[You can learn about Amy’s music here and here.]
Les Filles de Illighadad,Eghass Malan: This is one of my favorite music groups of the past few years. Tuareg music is hypnotic in its simplicity and repetitive rhythms, and it induces almost a meditative state. Fatou Seidi Ghali and her bandmates hail from the desert in Niger, and she is the first woman to play Tuareg guitar professionally. I was lucky to see them play live last year. The combination of the responsorial vocal chants, minimal guitar repetitions, a simple leather drum, and the pounding of a calabash half-submerged in water creates a compelling soundscape.
Joe Wong + Nite Creatures, “Minor”: This is the new single from Joe’s forthcoming debut album on Decca Records. Joe is an old pal from DC back in the day, and he’s been churning out quality TV/Film soundtracks in LA for the past decade. He also has a really great podcast, The Trap Set, interviewing musicians. I’ve known Joe to be an amazing drummer, but it turns out he’s also a great singer and songwriter as well! This new solo album brings to mind Scott Walker’s epic albumScott 4 with its crystalline vocal production and lavish orchestration. Technically, I’m playing cello in his backing band for NYC/Philly shows in October…. I hope it still happens!
Fiona Apple, Fetch the Bolt Cutters: I wasn’t a Fiona Apple aficionado previously, but I had read some good things about this record when it came out in April, and I have a lot of respect for an artist who can record an entire album herself and then have the balls to release it in the middle of a pandemic. I deemed it a little chaotic upon first listening, but then after a few more I was really struck by the variety of musical sounds and uninhibited vocals with razor sharp narrative lyrics. So I keep listening and find new things each time to appreciate.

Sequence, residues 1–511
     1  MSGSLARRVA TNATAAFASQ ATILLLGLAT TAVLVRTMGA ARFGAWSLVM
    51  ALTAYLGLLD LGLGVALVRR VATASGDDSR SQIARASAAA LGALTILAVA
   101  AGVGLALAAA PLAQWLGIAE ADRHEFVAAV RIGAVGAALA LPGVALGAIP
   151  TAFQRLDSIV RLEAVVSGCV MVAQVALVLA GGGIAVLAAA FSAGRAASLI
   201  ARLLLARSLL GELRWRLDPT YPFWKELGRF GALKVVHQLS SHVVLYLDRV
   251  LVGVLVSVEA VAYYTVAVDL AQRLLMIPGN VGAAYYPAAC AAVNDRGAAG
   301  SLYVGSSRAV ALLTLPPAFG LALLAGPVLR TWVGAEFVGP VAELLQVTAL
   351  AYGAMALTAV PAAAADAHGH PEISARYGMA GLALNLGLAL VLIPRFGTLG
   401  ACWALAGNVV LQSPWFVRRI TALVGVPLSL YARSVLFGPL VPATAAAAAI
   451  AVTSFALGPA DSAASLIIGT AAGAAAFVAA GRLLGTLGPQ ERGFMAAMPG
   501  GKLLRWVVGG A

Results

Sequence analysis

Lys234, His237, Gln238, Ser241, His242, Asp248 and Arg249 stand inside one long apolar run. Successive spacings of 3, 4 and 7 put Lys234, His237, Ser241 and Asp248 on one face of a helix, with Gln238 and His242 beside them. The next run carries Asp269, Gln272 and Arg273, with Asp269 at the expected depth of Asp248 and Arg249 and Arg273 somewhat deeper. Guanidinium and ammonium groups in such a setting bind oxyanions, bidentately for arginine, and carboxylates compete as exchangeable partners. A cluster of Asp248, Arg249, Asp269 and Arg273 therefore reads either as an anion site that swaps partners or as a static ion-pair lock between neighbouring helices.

Hailu Mergia, Hailu Mergia & His Classical Instrument: Shemonmuanaye: Ethiopian jazz accordion? Why yes, please. This album was recorded in 1985 shortly after Mergia relocated to DC from Ethiopia to study music at Howard University. It was recorded in 3 days and largely improvised pieces for accordion, Rhodes piano, synthesizer, and drum machine. The accordion had been popular in Ethiopia in the 1950s, and Mergia’s inspiration for the album was to bring back this instrument from his youth and blend it with traditional Ethiopian melodies and current music technology. It’s my go-to chill out record. Incidentally, Mergia still lives in DC and drives taxis.
Bill Callahan, Shepherd in a Sheepskin Vest: Bill Callahan’s ability to spin a completely original narrative tale in 3-4 minutes is a rare talent. Combined with his signature economy of sound, this prolific songwriter never disappoints. In songs such as “The Ballad of The Hulk” and “Watch Me Get Married” his confessional lyrics mix with surprising metaphors, and there is always some new layer of meaning to decipher upon each listen.